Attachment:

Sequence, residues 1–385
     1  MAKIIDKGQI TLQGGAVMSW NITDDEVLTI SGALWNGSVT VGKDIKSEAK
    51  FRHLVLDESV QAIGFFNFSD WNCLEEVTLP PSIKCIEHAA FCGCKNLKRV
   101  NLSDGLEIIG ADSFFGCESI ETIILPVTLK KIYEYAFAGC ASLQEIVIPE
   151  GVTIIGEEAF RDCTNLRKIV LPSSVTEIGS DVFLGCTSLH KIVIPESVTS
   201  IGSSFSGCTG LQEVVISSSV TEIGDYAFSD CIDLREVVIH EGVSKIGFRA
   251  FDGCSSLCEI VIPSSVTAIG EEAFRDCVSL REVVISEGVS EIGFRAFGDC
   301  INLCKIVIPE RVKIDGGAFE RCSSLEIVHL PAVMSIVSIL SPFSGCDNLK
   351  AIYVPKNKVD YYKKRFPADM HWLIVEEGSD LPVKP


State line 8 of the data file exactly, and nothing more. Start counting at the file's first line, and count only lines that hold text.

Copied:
   301  INLCKIVIPE RVKIDGGAFE RCSSLEIVHL PAVMSIVSIL SPFSGCDNLK